- The Washington Times - Saturday, April 11, 2009

PATTAYA, THAILAND (AP) - More than 2,000 anti-government protesters forced the postponement of the opening meeting of an Asian summit, demanding the gathering be canceled unless the Thai prime minister resigns.

Protesters blocked leaders from leaving their nearby hotels and marched to the meeting venue, clashing with a group of rival demonstrators. The two sides threw rocks and smoke bombs at each other about 2 miles (3 kilometers) from the venue.

Thai Government Spokesman Panitan Wattanayagorn said two or three people were injured in the clashes and that authorities were investigating reports of shots fired and an explosion.

A breakfast meeting of the foreign ministers of China, Japan and South Korea was also canceled Saturday because of the protests, the Japanese Foreign Ministry press secretary Kazuo Kodama said.

The East Asia Summit, which began Friday morning with a meeting of foreign ministers from the 10-member Association of Southeast Asian Nations, was supposed to get into full swing Saturday when those leaders were to meet with their counterparts from China, Japan, South Korea.

Foreign Ministry spokesman Tharit Charungvat sought to assure visiting dignitaries they were not in danger.

The protesters “just want to humiliate the Thai government,” he said. “We are very confident that all the delegations are in a good place; they are safe; they are not the target.”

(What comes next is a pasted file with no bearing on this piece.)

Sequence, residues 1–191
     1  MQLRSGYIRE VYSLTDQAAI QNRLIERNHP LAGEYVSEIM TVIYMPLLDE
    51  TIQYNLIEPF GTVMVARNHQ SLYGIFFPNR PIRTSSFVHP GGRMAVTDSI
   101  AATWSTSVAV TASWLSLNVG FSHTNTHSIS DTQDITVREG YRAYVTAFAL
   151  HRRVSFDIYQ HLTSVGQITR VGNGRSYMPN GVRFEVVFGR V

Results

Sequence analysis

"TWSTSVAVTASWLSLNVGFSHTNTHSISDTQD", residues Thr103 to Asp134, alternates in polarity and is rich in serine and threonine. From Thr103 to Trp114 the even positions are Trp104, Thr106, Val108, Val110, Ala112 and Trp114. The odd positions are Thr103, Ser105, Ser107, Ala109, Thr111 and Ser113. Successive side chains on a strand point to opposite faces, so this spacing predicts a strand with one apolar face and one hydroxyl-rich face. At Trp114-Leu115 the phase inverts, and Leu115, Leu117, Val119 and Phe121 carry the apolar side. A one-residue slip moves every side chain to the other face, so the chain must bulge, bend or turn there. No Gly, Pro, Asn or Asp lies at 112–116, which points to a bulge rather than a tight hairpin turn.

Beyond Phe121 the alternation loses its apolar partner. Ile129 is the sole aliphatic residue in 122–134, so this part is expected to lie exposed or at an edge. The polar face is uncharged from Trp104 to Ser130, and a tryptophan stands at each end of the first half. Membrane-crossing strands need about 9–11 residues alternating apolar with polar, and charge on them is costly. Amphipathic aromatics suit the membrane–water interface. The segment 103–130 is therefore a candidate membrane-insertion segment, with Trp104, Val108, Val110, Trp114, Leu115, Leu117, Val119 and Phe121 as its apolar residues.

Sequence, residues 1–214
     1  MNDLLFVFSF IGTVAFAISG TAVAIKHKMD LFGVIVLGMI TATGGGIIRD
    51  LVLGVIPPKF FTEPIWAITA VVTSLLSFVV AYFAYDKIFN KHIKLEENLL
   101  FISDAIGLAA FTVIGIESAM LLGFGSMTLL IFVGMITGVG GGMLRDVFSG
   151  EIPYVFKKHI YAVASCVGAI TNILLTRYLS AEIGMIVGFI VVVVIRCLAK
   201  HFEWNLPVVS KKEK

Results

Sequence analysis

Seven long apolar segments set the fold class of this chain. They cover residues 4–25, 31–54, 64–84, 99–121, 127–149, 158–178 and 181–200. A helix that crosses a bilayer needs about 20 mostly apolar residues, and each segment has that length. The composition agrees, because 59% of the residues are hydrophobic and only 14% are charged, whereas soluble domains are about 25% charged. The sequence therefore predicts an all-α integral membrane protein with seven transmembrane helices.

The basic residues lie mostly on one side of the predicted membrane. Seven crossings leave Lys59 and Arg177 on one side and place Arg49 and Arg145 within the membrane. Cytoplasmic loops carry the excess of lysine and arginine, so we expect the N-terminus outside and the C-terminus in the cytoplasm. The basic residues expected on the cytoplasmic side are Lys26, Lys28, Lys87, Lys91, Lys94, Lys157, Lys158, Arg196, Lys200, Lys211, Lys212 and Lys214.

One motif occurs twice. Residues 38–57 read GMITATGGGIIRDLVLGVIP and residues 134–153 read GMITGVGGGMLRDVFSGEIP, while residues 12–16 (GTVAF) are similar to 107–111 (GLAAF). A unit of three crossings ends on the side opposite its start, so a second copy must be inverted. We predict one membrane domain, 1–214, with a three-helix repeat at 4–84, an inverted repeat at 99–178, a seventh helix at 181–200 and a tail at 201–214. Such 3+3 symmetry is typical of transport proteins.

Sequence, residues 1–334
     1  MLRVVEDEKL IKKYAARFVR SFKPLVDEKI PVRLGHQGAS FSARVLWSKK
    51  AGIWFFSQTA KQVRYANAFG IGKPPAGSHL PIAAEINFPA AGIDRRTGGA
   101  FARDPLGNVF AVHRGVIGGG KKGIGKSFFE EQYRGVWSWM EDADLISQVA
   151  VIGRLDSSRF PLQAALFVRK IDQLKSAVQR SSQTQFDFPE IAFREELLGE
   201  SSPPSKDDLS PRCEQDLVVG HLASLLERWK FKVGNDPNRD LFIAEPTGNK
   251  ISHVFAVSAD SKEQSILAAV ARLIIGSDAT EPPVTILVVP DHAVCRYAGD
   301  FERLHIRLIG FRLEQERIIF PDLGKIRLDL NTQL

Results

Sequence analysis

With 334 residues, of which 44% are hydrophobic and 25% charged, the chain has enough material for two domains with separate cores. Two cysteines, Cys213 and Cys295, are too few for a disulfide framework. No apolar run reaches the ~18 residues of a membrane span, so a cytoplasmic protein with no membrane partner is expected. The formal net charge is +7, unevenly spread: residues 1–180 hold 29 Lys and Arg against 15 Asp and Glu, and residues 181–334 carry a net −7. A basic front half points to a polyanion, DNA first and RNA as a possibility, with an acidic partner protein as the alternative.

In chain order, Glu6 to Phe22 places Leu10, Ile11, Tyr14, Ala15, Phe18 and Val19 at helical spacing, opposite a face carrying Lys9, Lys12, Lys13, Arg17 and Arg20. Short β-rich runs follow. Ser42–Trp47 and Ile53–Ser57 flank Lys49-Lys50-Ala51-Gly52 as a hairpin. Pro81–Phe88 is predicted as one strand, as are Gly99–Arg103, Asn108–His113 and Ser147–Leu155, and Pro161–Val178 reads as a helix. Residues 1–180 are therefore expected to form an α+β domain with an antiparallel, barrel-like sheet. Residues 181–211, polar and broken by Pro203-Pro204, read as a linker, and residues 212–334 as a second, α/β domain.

Panitan said that protesters blocked leaders from reaching the conference hall, forcing the opening meeting between China and Southeast Asian leaders to be delayed. He described the delays so far as “isolated” but said other meetings could be postponed.

“We expect that the meetings will resume before too long,” Panitan told reporters.

It was a chaotic beginning to a summit that already has faced several hurdles because of the protesters who descended on the hilltop convention center in Pattaya, a beachside town about 140 kilometers (90 miles) southeast of Bangkok, the capital.

Protesters are demanding the resignation of Prime Minister Abhisit Vejjajiva.

Abhisit was appointed by Parliament in December after a court dissolved a government led by Thaksin’s allies for election fraud. The protesters say Abhisit took office illegitimately and should step down so new elections can be held.

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Associated Press writers Jocelyn Gecker, Malcolm Foster and Ambika Ahuja contributed to this report.

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